Writers of this type emphasize the essential subjectivity of organizational and social experience. They emphasize the role of men and women in giving meaning to that experience. In doing so, they draw unconsciously on Hume’s scepticism in regard to the limits of the knowledge which we derive from our immediate empirical observations of the world. However, I doubt whether Hume if alive today would accept that we either can or should, as some phenomenologist writers would appear to suggest, suspend the presuppositions or preconceptions which we bring to our experience of the world. He would probably be sceptical of the idea that, by suspending these presuppositions, we can arrive at any sort of shared and real intuitive experience of ourselves and the world. Indeed, he would likely ask from what impression could we ever obtain such an idea. Hume would further see our presuppositions or beliefs in the form of our customs and traditions not as habits of perception to be suspended but rather as crucial guides to our actions. As noted already, Hume saw custom as the great guide of human life. “Without the influence of custom,” he argued, “we should be entirely ignorant of every matter of fact beyond what is immediately present to the memory and senses” and “there would be an end at once of all action, as well as of the chief part of speculation” (Hume, 1963, p. 45). The point of Hume’s scepticism is not to help us transcend our customs, habits, and traditions, as phenomenologists seem to urge. Rather Hume argues we should simply accept them as inevitably shaping our experience of the world. Hume was, as Norman Kemp Smith has argued, a “naturalist” rather than a radical sceptic (Smith, 1966).
Hume’s philosophy has indirectly contributed then to two quite different views of public administration. One is rooted in a strong faith in empirical methods of science. The other is rooted in a radical scepticism regarding reason and observation. However, this analysis so far overlooks what is arguably Hume’s most important contribution to public administration, particularly at the federal level, namely his writings on constitutionalism.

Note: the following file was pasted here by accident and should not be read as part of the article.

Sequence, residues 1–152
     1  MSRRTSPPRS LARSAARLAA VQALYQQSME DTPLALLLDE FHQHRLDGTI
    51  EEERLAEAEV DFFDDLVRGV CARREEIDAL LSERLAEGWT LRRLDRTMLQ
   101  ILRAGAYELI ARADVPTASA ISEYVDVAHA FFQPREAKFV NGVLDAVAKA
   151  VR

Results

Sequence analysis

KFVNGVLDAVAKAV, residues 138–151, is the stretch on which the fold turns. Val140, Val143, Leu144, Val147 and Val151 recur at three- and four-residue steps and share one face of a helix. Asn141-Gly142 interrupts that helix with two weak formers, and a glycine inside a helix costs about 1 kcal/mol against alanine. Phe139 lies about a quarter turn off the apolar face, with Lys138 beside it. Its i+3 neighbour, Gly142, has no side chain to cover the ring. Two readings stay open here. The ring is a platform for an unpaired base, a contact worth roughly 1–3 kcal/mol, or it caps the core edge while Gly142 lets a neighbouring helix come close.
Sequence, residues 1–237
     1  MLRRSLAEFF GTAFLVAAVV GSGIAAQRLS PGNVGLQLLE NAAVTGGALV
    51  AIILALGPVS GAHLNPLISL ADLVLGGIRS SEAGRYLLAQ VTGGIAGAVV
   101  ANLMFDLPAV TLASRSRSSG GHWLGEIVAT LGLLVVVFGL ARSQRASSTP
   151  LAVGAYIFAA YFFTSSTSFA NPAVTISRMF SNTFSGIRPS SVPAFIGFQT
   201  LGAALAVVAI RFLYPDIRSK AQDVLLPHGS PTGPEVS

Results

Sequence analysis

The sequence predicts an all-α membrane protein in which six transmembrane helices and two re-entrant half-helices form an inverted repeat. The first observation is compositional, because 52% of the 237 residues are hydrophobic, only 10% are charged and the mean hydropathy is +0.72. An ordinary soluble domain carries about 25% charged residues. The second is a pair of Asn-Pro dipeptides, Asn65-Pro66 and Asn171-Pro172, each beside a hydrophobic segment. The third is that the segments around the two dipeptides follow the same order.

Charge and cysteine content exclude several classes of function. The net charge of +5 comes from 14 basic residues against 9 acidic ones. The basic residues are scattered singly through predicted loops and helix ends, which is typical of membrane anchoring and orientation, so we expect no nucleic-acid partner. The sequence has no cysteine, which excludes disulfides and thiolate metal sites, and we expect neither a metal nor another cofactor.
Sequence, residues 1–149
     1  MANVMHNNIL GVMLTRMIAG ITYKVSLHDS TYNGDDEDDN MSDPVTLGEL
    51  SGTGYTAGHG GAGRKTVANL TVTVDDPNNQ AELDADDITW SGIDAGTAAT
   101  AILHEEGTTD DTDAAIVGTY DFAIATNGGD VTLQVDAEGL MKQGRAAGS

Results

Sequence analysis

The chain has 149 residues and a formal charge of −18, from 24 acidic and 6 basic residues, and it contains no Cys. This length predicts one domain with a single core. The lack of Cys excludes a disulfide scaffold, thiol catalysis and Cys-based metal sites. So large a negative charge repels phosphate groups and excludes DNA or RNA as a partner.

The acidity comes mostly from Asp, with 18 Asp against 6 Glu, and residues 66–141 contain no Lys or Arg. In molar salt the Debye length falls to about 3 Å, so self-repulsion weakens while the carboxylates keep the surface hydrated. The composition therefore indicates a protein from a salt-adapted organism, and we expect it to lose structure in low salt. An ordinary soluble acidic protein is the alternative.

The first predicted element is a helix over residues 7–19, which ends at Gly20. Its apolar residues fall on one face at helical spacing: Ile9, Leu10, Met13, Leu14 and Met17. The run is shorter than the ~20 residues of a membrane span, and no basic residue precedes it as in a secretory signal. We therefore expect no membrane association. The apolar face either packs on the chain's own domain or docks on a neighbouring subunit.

By constitutionalism, I mean the use of different institutional mechanisms to check the abuse of discretionary power by government officials. Hume articulated this idea when he suggested that, without constitutional checks and controls on power, “we shall in vain boast of the advantages of any constitution and shall find, in the end, that we have no security for our liberties or possessions” (Hume, 1987, p. 42). Hume argued that if “separate interest be not checked, and be directed to the public, we ought to look for nothing but faction, disorder, and tyranny from such a government” (p. 43). According to Hume, “if one order of men, by pursuing its interest, can usurp upon every other order, it will certainly do so, and render itself, as far as possible, absolute and uncontroulable ” (p. 44). He argued that “a republican and free government would be an obvious absurdity, if the particular checks and controuls, provided by the constitution, had really no influence, and made it not the interest, even of bad men, to act for the public good” (pp. 15-16). “A constitution” for Hume “is only so far good, as it provides a remedy against mal-administration” (PP. 29).